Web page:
Juan Carlos is also doing incredible work in research around underexplored varieties in Ribera del Duero, including Garnacha (he makes the only varietal Garnacha in Ribera del Duero) and the white grape Albillo Mayor, recently authorized by the DO. Not content to rest on his laurels, Juan Carlos is constantly searching to discover what’s next in Ribera del Duero. Even with the innovation, Tempranillo is his first love, and the foundation for the bodega: 51 of the estate’s 55 hectares are planted to the region’s signature variety, also known as Tinto Fino. Biodynamic principles are also used in the vineyards, including pruning and bottling according to the lunar calendar. The estate’s oldest vines date back to the 1940s, producing extremely low yields of concentrated, high-quality fruit. Juan Carlos achieves this through meticulous pruning, green-harvesting, and adamant cluster-thinning, all custom tailored to each particular vintage.



At Bodegas Vizcarra, fruit selection is key. All fruit is hand-harvested in small boxes and transported back to the winery with the utmost care. Both cluster and berry are analyzed prior to vinification, sorted numerous times before making the cut. All fruit is sorted, destemmed, and then sorted again, ensuring that only the best berries make it into the final wines. This meticulous attention to detail is what makes the wines so great. In addition to extreme cleanliness in the winery, Juan Carlos also exposes every wine to optimal levels of oxygen, thus avoiding the need for high additions of sulfur upon bottling. Juan Carlos has added his own twist to the centuries-old method family cellar method of using canataras, or small glass buckets, to gently rack and transport wine in the cellar. As of 2007, Bodegas Vizcarra officially became a fully gravity-fed winery, retrofitted with a robot crane system and a very large stainless steel tank that he affectionately calls his “U.F.O,” allowing him to gently move entire batches from a fermentation tank to a barrel located on the other side of the winery. Juan Carlos believes that the elimination of pumps not only respects the final product, but allows for more pronounced aromatics and a sophisticated palate. At Bodegas Vizcarra, the pursuit of excellence begins in the vineyard, with low yields and high-quality fruit leading to concentrated final wines, without the need for harsh extraction.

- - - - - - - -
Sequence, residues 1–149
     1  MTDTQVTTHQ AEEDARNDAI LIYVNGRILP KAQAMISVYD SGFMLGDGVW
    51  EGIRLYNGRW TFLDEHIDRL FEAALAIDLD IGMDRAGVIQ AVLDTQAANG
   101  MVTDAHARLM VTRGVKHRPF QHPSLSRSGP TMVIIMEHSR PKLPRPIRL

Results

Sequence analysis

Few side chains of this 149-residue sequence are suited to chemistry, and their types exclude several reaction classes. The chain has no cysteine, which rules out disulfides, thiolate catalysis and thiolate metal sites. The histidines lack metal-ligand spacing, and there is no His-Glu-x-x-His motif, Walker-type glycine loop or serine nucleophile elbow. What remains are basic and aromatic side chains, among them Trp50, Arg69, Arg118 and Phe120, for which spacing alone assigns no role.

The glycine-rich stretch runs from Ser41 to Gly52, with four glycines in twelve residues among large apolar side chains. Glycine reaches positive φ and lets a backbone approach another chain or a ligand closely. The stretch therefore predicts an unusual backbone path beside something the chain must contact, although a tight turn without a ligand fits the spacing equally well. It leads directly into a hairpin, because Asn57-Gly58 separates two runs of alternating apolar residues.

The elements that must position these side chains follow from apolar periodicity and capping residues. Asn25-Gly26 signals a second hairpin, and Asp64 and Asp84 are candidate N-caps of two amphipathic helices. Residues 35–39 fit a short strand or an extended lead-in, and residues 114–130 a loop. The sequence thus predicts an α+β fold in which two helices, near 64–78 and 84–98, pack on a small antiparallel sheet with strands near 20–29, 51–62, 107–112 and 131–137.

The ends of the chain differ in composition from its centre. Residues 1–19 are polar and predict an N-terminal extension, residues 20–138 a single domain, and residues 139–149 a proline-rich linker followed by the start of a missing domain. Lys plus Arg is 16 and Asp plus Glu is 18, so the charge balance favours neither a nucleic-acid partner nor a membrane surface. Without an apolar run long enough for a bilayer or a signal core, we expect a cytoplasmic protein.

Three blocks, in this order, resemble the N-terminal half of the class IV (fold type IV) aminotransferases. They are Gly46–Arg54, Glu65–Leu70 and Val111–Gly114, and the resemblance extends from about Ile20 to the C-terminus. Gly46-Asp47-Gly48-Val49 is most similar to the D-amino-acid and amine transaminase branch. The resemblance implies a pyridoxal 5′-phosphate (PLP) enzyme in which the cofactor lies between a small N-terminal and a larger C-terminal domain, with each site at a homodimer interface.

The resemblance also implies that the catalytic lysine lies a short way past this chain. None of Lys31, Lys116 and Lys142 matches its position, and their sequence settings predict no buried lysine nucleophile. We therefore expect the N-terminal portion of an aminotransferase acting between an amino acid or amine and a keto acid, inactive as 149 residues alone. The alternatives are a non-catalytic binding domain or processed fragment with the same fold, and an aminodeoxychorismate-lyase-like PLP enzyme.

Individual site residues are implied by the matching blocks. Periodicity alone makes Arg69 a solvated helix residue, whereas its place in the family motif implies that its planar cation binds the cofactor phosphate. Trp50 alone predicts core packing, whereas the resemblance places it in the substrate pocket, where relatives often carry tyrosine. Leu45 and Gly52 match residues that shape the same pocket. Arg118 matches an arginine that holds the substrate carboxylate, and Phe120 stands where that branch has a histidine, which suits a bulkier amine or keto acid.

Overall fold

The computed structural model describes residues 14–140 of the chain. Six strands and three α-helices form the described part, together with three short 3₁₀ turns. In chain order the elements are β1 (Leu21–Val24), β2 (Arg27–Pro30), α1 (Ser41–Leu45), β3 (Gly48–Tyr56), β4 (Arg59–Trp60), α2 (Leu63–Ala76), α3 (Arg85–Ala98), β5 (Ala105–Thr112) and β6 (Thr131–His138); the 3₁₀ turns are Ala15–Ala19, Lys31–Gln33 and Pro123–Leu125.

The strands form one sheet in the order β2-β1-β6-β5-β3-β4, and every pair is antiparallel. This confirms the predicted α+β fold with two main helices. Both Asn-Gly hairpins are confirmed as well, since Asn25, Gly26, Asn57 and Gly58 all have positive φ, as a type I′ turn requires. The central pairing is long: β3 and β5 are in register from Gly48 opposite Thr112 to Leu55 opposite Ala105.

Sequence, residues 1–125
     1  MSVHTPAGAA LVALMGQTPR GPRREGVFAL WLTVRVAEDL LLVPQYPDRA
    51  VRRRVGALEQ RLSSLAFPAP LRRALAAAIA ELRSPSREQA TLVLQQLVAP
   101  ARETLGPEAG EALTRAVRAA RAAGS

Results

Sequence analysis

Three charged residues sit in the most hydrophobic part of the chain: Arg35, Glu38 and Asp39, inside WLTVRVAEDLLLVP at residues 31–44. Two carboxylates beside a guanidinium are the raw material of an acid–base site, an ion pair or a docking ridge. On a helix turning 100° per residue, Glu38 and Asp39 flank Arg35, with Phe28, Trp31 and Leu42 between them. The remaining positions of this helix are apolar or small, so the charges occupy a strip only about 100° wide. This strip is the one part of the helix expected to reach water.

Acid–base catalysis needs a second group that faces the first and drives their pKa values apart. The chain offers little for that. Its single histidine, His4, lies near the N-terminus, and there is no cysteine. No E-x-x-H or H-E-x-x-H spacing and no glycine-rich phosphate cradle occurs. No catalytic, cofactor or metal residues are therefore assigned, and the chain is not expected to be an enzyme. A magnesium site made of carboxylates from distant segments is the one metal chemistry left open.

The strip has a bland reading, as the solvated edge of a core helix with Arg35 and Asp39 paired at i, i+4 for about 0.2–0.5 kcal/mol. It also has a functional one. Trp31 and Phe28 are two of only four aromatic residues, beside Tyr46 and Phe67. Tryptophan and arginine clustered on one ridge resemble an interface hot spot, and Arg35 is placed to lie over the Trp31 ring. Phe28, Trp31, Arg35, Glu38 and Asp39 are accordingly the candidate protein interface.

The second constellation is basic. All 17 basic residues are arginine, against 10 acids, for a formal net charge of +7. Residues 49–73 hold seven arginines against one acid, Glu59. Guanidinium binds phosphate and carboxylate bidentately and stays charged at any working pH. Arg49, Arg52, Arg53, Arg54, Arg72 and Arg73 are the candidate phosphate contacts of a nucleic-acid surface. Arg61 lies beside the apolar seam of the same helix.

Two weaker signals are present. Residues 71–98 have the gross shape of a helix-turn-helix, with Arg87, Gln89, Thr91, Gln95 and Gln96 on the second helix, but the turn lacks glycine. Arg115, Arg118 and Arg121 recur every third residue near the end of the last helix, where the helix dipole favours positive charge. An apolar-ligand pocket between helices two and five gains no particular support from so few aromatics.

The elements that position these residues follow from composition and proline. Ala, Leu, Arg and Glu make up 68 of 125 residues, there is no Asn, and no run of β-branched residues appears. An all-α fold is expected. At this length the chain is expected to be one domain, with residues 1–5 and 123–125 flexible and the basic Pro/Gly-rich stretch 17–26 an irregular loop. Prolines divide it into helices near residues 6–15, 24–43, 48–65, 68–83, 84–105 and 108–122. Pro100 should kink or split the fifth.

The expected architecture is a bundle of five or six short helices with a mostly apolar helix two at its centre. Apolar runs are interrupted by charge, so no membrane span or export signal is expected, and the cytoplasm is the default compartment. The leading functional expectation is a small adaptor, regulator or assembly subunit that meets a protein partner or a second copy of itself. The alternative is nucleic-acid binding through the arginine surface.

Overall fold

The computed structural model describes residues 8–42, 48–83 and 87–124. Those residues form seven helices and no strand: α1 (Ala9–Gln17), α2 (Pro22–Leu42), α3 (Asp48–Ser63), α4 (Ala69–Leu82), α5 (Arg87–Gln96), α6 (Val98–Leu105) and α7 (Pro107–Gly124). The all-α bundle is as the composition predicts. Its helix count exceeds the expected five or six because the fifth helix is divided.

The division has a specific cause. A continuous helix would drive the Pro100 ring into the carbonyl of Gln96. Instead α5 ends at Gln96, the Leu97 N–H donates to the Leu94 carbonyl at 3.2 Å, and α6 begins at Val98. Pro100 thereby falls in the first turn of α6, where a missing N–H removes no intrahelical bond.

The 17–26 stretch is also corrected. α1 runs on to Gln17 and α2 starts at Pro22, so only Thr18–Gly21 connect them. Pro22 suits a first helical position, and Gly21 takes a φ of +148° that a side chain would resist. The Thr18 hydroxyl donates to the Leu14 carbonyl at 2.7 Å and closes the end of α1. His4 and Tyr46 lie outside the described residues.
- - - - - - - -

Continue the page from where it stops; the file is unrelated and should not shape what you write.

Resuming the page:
Known for its high-quality wine production, the Ribera del Duero D.O. was first established in 1982, officially becoming a DOCa in 2008. Viticulture has been actively taking place within the region for over 2,000 years, officially confirmed upon the recent unearthing of a 66-meter long mosaic of Bacchus from two millennia ago. Located in the northern plateau of Castile y Léon, the region is characterized by a continental and Mediterranean climate and moderately low rainfall, especially during the summer months. Temperatures are rather extreme throughout the year, with dry summer days reaching over 40 °C and harsh, rigorous winter nights dropping below the freezing point. Flat, rocky terrain dominates most of the regional vineyards, which are mostly set along the banks of the meandering Duero River. Soils are mostly silt and clay, dotted with layers of limestone and marl. The aging requirements in Ribera del Duero are the same as in Rioja: 24 months (at least 12 in oak) for Crianza, 36 months (at least 12 in oak) for Reserva, and 60 months (at least 24 in oak) for Gran Reserva.